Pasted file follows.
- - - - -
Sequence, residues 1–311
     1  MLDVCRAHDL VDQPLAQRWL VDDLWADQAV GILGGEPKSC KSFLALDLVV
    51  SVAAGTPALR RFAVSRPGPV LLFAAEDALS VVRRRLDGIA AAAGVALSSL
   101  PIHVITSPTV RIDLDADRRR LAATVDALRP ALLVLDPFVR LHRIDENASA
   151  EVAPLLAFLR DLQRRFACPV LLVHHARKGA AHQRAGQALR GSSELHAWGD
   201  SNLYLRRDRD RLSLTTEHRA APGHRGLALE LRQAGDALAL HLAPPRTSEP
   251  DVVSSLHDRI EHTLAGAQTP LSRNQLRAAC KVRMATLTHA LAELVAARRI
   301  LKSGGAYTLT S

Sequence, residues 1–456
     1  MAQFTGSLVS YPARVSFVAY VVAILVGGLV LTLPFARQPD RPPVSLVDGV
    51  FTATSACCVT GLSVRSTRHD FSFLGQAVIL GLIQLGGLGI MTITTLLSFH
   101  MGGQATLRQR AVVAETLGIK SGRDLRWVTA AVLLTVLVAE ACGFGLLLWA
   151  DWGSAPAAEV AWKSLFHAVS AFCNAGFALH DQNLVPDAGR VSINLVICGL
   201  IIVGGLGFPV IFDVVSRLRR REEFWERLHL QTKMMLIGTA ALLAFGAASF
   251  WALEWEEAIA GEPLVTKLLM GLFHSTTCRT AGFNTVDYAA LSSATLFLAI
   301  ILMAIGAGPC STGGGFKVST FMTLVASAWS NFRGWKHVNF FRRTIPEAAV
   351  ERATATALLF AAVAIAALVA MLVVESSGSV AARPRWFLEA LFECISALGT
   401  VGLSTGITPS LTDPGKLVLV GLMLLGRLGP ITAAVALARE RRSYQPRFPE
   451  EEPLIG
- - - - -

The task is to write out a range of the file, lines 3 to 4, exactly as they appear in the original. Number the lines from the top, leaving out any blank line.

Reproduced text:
    51  SVAAGTPALR RFAVSRPGPV LLFAAEDALS VVRRRLDGIA AAAGVALSSL
   101  PIHVITSPTV RIDLDADRRR LAATVDALRP ALLVLDPFVR LHRIDENASA